What is Diabetes?Info circle related to diabetes

Diabetes is a disease in which blood glucose levels are above normal, according to the Centers for Disease Control and Prevention (CDC). Most of the food we eat is turned into glucose, or sugar, for our bodies to use for energy. The pancreas, an organ that lies near the stomach, makes a hormone called insulin to help glucose get into the cells of our bodies. When you have diabetes, your body either doesn't make enough insulin or can't use its own insulin as well as it should. This causes sugar to build up in your blood.

Possible symptoms may include some or all of the following: frequent urination, excessive thirst, unexplained weight loss, extreme hunger, sudden vision changes, tingling or numbness in hands or feet, feeling very tired much of the time, very dry skin, sores that are slow to heal, more infections than usual.

Diabetes can cause serious health complications including heart disease, blindness, kidney failure, and lower-extremity amputations. Diabetes is the seventh-leading cause of death in the United States.​

Find out if you are at risk...

Risk factors for type 2 diabetes include older age, obesity, family history of diabetes, prior history of gestational diabetes, impaired glucose tolerance, physical inactivity, and race/ethnicity. African Americans, Hispanic/Latino Americans, American Indians, and some Asian Americans and Pacific Islanders are at particularly high risk for type 2 diabetes.​ Read more.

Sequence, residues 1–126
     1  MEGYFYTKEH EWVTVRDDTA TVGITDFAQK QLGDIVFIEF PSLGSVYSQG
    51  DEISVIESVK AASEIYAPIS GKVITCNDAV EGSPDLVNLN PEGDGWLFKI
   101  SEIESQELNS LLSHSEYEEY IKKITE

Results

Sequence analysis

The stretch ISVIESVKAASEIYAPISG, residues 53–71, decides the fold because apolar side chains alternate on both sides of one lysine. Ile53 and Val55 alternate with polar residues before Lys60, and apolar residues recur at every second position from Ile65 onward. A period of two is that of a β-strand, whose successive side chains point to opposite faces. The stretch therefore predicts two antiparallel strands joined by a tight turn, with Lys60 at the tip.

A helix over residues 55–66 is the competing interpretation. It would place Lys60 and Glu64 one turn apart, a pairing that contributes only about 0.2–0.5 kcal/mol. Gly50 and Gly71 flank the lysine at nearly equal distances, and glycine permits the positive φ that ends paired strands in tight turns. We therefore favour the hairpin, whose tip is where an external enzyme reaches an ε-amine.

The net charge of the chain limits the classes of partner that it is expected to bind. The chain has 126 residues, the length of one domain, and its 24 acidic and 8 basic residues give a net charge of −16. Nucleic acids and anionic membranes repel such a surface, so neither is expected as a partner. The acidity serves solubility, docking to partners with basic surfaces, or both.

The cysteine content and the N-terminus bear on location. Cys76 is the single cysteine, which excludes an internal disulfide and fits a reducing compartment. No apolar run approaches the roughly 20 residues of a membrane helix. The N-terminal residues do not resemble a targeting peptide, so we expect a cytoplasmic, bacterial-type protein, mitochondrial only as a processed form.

How do you prevent it?

Get at least 30 minutes of moderate-intensity physical activity five days a week. Eat a variety of food that are low in fat and reduce the number of calories you eat per day.​ Read more.

What do you do if you have it?

  • Eat a healthy diabetic diet (see a registered dietician for a meal plan), maintain a healthy weight, be physically active, manage stress, avoid tobacco, and take medications as directed
  • Visit your Primary Care Provider regularly, include foot exam and an annual eye exams.
  • Learn how to achieve target glucose levels and avoid complications by meeting with a diabetes educator and/or registered dietician. Examine your feet daily.
  • Visit the National Diabetes Education Program website that allows you to enter information and tailor resources to your needs. Provided by the National Institute of Diabetes and Digestive and Kidney Diseases.

Health Plan Resources

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